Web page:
Vale Dr Stan Parsons

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Note from Hazel Parsons this morning

Stan passed away today, July 15 2020.  It was pneumonia, helped along by COVID I guess.  The hard part was not being allowed to be with him in his last days, although I did visit him a few times through his window and he knew I was there.  But I was not allowed into the building.

Stan spent the last year or so of his life locked away in a retirement village in Natal, with dementia. Dementia and his passing signals the closing chapter in the life of one of the greatest minds and influencers modern agriculture has seen. I have said many times that the world owes Stan Parsons and Allan Savory, a debt of gratitude for the legacy that their combined intellects have left agriculture and the world.

Stan ParsonsI had the privilege of first meeting Stan on his first visit to Australia in April 1989. Within a year we were partnering in the launch of the “Grazing for Profit” dynasty in Australia. That legacy alone has seen over 7,000 people complete the course and countless more influenced by his teachings. He would be impressed to see the surge in interest in regenerative agriculture globally today. He would be proud to know that he was a pioneer in that space decades before the current crop of Gurus, having started down that path in the early 1970s.

Stan comes from a farming background in Rhodesia and did his undergraduate degree in South Africa where he graduated with first-class Honours. He went immediately into a PhD on reproductive physiology in sheep. His father foresaw the collapse of Rhodesia/Zimbabwe and told Stan the only thing he would be able to take away would be a first-class education. After completing his PhD, he studied agricultural economics at Purdue University in the USA, where he gained a Masters Degree. His first job was teaching agricultural economics at the University in Harare. From there he joined forces with Allan Savory around 1970 and the rest, as they say, is history.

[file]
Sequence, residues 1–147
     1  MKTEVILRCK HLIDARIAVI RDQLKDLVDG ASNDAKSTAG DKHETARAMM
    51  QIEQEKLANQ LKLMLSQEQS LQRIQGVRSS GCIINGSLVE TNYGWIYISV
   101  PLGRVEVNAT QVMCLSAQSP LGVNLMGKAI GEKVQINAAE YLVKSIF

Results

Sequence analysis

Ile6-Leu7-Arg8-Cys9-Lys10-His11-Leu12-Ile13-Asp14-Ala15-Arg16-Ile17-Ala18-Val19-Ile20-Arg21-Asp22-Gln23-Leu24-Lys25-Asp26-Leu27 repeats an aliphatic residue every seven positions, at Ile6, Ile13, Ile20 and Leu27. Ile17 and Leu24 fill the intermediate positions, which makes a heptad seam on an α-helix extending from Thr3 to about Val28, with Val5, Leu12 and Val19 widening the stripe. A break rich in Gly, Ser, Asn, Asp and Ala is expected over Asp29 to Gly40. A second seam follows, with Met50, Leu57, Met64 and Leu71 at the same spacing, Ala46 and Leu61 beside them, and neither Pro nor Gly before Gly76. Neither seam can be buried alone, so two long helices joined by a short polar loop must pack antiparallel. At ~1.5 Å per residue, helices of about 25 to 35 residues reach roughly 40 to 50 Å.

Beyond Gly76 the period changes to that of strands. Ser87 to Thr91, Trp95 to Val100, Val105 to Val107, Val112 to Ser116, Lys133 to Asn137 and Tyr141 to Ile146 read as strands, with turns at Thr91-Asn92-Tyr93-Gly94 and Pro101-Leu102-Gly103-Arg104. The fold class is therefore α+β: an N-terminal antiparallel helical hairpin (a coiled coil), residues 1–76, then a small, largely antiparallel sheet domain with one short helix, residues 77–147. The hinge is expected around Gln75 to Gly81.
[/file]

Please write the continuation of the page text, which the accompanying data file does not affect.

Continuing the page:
Stan is the most impressive teacher I have ever seen. His ability to distil complex issues into profound simplicities and principles, his ability to explain them in a captivating and motivating manner, his ability to stand on his head during a class and his commanding voice and accent, will be memories which those of us who were taught by him, will carry with us for life. He would be proud to know that about 20% of all graduates of GFP today, are second generation and the third generation has also started to enrol.

Stan’s legacy will continue through the influence of RCS in Australia and Ranch Management consultants in the US, for generations to come. Few people can claim to send ripples of their knowledge and wisdom through many generations of graziers past, present and future, on at least three continents. Stan was one of those few.


Terry McCosker
Director, RCS Australia